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The Hon. Justice Duncan Kerr Chev LH

Council of Australasian Tribunals (COAT) Victoria Twilight Seminar, Administrative Appeals Tribunal, Melbourne
18 November 2013

I have been asked to speak on the subject of challenges facing administrative tribunals. There are many including the considerable challenges of budgets, appointments, resourcing and the like. They are undoubtedly significant challenges to every tribunal. I do not want to suggest they are not at the forefront of my thinking—and I suspect those challenges are at the forefront of the thinking of every head of a tribunal. But tonight I want to pose a more existential question. It relates to a challenge to our role that arises in consequence of the seemingly shrinking space for preferable decision making. It is a question that admits of no easy answer. I pose it for further consideration rather than purporting to answer it.

I will begin, by way of context, by drawing shamelessly on a recent speech delivered by Justice Steven Rares to the 2013 AGS Administrative Law Conference. In his speech he foreshadowed the theme that I want to explore with you this evening. (1)

51. ...Sir Samuel Griffith said that a distinguished lawyer had told him that "the law is always certain although no one may know what it is”...

52. What has been remarkable in the last 40 years is the expansion of statute law, not just in its subject matter but also in its prolixity. Prolixity and statutory labyrinths are closely linked. ...

54. In 1973, the entire consolidated statutes of the Commonwealth were printed in 12 bound volumes. In 2011, the 190 Acts passed by the Parliament in that year alone occupied nine bound volumes. That leaves to one side what has happened in the making of delegated legislation. The High Court has emphasised that a court must construe a provision in the context of the Act as a whole. That can be a tall order with the many legislative behemoths such as the multiple volumes of Income Tax Assessment Acts 1936 and 1997, the 1,414 pages of Competition and Consumer Act 2010, the Corporations Act 2001 and the Australian Securities and Investments Commission Act 2001 Cth). Many Commonwealth Acts now come in more than one volume, if you get a printed copy...

55. On a recent count the Migration Act 1958 (Cth) had been amended 68 times in the last 10 years - about once every two months. Even that rate obviously did not keep pace with some urgent necessities in 2009 when that Act was amended 10 times. But, then the tax legislation was amended 30 times in 2012. Of course, the constant tinkering means that it is difficult to use just one version of an Act, lest it has been amended in a material way before or after the relevant time for which one needs it....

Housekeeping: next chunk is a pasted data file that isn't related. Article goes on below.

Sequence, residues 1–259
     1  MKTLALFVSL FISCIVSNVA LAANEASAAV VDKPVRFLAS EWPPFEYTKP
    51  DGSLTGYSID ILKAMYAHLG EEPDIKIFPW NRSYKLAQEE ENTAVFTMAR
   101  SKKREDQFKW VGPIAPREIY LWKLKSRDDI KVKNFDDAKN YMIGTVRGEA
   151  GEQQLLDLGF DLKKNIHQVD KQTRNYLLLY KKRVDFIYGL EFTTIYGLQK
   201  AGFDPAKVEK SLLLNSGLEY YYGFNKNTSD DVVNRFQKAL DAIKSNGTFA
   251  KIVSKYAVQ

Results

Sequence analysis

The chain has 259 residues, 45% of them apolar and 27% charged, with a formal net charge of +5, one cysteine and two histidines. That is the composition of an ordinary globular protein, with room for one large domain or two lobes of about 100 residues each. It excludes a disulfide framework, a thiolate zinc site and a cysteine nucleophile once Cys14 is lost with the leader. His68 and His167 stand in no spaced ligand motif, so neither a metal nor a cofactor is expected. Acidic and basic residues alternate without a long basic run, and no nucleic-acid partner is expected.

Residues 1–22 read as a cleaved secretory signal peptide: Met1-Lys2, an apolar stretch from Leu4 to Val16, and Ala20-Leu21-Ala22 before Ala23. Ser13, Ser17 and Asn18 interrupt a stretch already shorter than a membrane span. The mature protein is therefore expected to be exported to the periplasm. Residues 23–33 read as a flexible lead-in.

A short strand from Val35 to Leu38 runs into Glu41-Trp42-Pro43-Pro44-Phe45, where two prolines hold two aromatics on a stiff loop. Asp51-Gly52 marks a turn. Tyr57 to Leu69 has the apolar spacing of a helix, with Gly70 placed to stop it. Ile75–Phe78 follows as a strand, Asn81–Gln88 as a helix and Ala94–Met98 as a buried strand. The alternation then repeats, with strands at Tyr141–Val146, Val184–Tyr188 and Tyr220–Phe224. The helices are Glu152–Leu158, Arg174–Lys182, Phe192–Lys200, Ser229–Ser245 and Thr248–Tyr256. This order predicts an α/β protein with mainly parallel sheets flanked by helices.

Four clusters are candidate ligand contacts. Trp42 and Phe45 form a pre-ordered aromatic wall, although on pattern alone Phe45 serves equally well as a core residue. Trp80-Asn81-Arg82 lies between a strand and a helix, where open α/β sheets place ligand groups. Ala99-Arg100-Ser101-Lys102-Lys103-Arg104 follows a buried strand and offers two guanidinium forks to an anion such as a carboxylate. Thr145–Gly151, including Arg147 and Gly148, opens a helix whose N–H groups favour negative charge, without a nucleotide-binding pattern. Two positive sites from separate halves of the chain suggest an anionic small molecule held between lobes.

56. No one can pretend that there is now any reality in the fiction that the Parliament has considered the detail of this tsunami of paper before it enacts it as law. Judges cannot read through the whole of most modern Acts once, let alone each time that they must refer to them or the latest or relevant amended versions...

59. Principles based legislative drafting identifies with reasonable clarity what the Parliament considers important and leaves it to the good sense of the Courts to interpret the law so as to give effect, generally, to its legislative purpose.

60. But, the prescriptive drafting style of recent times is quite a different beast. It presents judges, lawyers and the community with a cascade of every possibility imaginable to the drafter, however inane or recondite, to pore over and interpret. But because drafters are human, they miss points - until the now inevitable next amendment of the Act. Yet, the requirement that every word of an Act be construed so as to give effect to it, if at all possible, in harmony with the rest of the legislation, invites the Courts and litigants to identify the fine distinctions between each phase in a cascade or plethora of alternatives. That means in contracts, dealings with government and litigation, parties and their advisers must also cover every possible permutation in the legislation. This increases costs and the time people spend dealing with their affairs, out of all proportion. Forms are longer to fill in, litigation is much more complex, longer and costlier...

62. The current Commonwealth drafting style takes impenetrability to depths that raise real issues of concern about this policy, its value and consequences. ...

65. Let me give an insight into the penumbra. The Competition and Consumer Act now has a new Div 1 in Pt IV. It begins with s 44ZZRA which foreshadows "The following is a simplified outline of this Division" that takes 20 more pages to reach s 44ZZRV....

72. Who will be able to understand this morass? Only, perhaps the drafters who created this abomination and those of the Income Tax Assessment Act 1936 and, its half written and now abandoned rewrite in the 1997 Act (Cth)....

75. The issue for our society is whether the laws it makes should be, so far as possible, efficient to administer, as an aspect of the rule of law. When faced with arcane voluminous legislation that challenges comprehension, one can legitimately raise a question as to whether that is a law at all? But that is for another day.

If the position Steven Rares so powerfully described creates difficulties for the courts how much more are the difficulties it creates for tribunal members—a significant proportion of whom have been appointed not because they are lawyers but because they are skilled in their professional fields.